Zatanna Zatara is one of DC’s most successful legacy characters, having all but completely replaced her Golden Age era superhero father John Zatara in the public consciousness. Though it’s true that she hasn’t gotten enough page-time by half over the years, her stories have been mostly delightful, and she has long reigned as DC’s underrated queen of the guest appearance.
Case in point, her first appearance occurred in Hawkman #4 (1964), but it quickly sprawled into one of DC’s earliest crossover events as her search for her father spanned The Atom #19, Detective Comics #355, Green Lantern #49, and finally drawing to a close in Justice League of America #51. Though she’s reeling from the loss of her father and taking DC’s often-terrifying mystical world on all alone in these stories, she’s smart, level-headed, endearing, and fun. Zatanna’s Search is an underrated Halloween-adjacent story that spans several titles, and it’s a great place to start if you want to see what’s so great about Zatanna.
Zatanna’s father John Zatara showed up for the first time in Action Comics #1, also the first appearance of another rather obscure character who goes by the name of Superman. In its early days, Action Comics served as more of an anthology that told the story of various pulp heroes before ultimately focusing on, what’s his name again? Ah, yes – Superman. Zatara made many appearances throughout the Golden Age, starring in the first one hundred and thirty-two or so issues of Action Comics and the first fifty-one issues of World’s Finest, but by the time of the Silver Age’s superhero resurgence, he hadn’t appeared in a comic in sixteen years and had all but been forgotten. This was not the first superhero crossover by a longshot, but it was still the first story of its kind in DC continuity, introducing a saga that winded its way through no less than four different series over three years before seeing its conclusion in Justice League #51 in 1967.
Our saga kicks off in Hawkman #4 with the truly bizarre “The Girl Who Split In Two.” Archeologist power couple Carter and Shiera Hall, otherwise known as Hawkman and Hawkgirl, discover that two mysterious artifacts have appeared at the Midway City Museum unexplained. The two decide to split up to figure it out, one flying to China and the other to Ireland in hopes of discovering the origins of these pieces. They each find a Zatanna, speaking in sentence fragments and unable to move under her own power. Ultimately, they push the two Zatannas together, and she’s able to explain that she was looking for her father and one of her spells went awry. When they ask why she approached them, two lowly museum workers with no alternate identities of any kind they assure you, she winks, throws out a quick “sure, Jan,” and zaps her way right out of there to continue her search over in The Atom #19.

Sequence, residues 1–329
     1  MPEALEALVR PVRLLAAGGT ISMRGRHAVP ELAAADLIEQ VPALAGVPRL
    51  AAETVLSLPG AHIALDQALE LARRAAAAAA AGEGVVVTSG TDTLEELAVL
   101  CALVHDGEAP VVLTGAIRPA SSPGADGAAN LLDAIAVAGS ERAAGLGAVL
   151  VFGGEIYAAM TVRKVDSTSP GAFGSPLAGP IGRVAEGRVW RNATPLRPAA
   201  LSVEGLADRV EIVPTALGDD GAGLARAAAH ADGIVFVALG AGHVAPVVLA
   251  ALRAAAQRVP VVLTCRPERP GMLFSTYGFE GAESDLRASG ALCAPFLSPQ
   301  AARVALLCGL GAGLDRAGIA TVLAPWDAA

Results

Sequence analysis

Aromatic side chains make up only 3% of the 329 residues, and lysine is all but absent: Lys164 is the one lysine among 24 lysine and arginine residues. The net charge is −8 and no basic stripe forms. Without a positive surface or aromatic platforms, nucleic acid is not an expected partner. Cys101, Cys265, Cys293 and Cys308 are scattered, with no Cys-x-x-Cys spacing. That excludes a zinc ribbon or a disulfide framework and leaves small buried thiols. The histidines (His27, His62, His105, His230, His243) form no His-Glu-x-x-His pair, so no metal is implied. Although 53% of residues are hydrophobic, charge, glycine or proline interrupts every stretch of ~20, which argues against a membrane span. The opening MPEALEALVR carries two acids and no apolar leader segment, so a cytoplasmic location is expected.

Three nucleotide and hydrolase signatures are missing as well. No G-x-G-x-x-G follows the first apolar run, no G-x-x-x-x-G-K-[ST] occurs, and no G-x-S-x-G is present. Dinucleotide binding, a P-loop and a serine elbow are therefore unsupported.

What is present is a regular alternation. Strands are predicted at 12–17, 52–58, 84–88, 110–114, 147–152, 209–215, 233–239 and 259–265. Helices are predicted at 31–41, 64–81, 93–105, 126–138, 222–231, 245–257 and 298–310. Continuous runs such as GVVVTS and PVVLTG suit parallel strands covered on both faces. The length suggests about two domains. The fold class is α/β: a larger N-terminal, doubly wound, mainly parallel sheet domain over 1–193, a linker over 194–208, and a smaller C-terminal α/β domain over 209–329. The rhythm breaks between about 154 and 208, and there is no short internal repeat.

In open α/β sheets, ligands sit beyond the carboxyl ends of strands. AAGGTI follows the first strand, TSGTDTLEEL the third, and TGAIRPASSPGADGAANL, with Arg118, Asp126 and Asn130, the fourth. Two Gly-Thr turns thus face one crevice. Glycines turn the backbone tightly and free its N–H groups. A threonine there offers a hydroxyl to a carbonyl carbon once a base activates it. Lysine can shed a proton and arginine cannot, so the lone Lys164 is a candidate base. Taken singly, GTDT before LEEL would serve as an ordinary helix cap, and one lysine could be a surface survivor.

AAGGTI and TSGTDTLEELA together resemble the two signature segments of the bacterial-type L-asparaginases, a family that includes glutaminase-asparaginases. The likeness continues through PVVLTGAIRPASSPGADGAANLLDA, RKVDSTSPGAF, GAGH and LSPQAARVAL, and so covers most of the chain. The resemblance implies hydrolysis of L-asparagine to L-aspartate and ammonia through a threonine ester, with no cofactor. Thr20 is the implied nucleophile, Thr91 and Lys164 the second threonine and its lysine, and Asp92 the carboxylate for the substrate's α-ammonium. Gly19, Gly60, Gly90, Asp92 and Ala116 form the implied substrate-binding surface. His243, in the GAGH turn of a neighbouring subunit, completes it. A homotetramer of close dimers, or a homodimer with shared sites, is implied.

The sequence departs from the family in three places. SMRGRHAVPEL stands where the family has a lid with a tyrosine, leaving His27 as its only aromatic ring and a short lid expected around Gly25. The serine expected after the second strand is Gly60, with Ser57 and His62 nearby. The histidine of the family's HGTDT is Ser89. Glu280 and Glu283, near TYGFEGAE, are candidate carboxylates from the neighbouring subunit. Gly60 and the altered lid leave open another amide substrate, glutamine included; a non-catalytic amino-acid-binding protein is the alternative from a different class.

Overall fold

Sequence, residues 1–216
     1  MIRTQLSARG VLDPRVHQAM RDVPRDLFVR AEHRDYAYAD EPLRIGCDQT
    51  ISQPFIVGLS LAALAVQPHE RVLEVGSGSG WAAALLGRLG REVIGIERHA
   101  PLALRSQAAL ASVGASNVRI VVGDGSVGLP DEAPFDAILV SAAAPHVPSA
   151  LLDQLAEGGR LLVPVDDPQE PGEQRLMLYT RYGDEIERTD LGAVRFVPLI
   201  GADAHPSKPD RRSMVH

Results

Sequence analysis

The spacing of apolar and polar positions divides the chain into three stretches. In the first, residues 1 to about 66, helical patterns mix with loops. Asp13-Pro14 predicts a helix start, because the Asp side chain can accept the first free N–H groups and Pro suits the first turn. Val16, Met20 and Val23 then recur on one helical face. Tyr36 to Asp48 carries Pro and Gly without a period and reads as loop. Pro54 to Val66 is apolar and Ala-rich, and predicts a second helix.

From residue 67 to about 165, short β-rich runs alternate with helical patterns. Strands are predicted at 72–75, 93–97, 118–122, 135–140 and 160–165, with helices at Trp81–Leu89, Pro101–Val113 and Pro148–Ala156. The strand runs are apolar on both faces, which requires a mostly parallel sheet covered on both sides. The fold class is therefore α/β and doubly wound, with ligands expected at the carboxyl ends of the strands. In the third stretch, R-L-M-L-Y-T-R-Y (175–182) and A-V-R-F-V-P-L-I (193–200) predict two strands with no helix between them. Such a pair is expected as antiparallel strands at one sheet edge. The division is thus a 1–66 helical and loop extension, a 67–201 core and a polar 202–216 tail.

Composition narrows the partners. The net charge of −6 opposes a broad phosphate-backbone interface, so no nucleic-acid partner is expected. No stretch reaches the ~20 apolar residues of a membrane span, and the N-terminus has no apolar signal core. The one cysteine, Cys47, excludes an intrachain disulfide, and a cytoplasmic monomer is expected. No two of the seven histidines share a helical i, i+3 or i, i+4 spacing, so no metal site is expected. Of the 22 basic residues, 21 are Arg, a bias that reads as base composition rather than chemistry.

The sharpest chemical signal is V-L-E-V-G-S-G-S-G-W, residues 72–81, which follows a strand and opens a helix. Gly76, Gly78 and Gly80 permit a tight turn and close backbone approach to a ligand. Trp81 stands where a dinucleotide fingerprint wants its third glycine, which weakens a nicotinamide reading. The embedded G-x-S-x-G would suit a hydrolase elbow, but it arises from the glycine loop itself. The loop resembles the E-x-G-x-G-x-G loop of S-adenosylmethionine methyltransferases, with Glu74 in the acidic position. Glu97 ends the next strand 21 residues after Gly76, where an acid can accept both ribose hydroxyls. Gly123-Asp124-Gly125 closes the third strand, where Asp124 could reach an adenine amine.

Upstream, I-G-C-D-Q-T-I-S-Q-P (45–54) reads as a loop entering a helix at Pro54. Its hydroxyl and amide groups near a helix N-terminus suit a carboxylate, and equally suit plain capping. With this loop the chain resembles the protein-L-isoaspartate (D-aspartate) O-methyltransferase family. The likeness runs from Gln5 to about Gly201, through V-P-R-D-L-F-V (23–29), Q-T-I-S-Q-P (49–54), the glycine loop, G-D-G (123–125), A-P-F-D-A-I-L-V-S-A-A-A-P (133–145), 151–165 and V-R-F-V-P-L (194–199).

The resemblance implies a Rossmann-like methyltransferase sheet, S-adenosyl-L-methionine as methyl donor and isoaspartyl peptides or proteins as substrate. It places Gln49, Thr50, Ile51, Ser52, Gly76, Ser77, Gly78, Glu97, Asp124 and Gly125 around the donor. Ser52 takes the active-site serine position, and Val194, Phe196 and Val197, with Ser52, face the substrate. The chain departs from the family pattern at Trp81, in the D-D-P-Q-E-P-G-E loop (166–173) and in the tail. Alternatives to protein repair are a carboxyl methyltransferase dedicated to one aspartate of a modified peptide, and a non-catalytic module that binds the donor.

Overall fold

In The Atom #19 and Green Lantern #42, she continues her tour through the DC Universe. Scientist Ray Palmer sits brooding in his apartment when he gets a phone call from a girl announcing that she’d somewhat meddled in his affairs earlier that day and when he doesn’t believe her she pops right into his living room in a cloud of smoke. She explains that she needs his help to search for a sub-atomic dimension in which she believes her father may be trapped. Ray agrees to help, but they don’t have much luck locating Zatara. Instead, they come face to face with a villain known as the Druid, who almost gets the drop on them before Zatanna defeats with a card trick. Like the Hawks, The Atom can’t do much at the end besides give a hearty wave and wish her luck on her continuing journey.
Next, she pops up in Green Lantern, accidentally opening up the portal to the mysterious Land of Y’s. Green Lantern helps her resolve this and again waves at her and wishes her luck on her quest. Though Zatanna meets up with Elongated Man rather than Batman in Detective Comics #355, we discover that a witch that Batman and Robin fought in Detective Comics #336 was actually a brainwashed Zatanna, convinced that she was a standard, stereotypical Halloween witch. Batman and Robin had ultimately freed her, though they didn’t know that’s what they were doing at the moment. She and Elongated Man have a short fight with an evil pawn shop broker and then Zatanna is once more on her way.
Finally, this series of bizarre, campy adventures draws to a close in Justice League #51, though I’m always waiting for a flashback series to let us know what worlds Zatanna discovered outside of her adventures with our beloved heroes. In JL, Zatanna appears before the entire team and happily thanks them all for their help, even if Batman doesn’t actually remember helping her. Nevertheless, she asks the group for their help one last time, revealing that she’s finally discovered where her father is. Naturally, this is a trap, and a truly wild brawl breaks out between the heroes and various mythical creatures. If you have ever wanted to see Hawkman punch a Minotaur, this is your time to shine.
The entity known as Allura separates into a good and an evil version of herself, and they have a huge fight in the middle of the issue for mostly no reason other than it’s really fun to watch a person quite literally beat themselves up. Zatanna and John are reunited, though John mostly stays absent from DC after this, and the focus shifts to Zatanna as the main Zatara in DC continuity.
This story is wild, and it makes for a surprisingly fun read all these years later. As convoluted as Zatanna’s life would later become, it makes a weird kind of sense that her first appearances were this handful of spooky, weird sci-fi stories that nodded to a much longer saga that we just didn’t see that much of due to our perspective being that of the primary heroes. What other worlds Zatanna discovered in her search remain unknown, but her quirky, enigmatic presence has continued to win fans over all these decades later.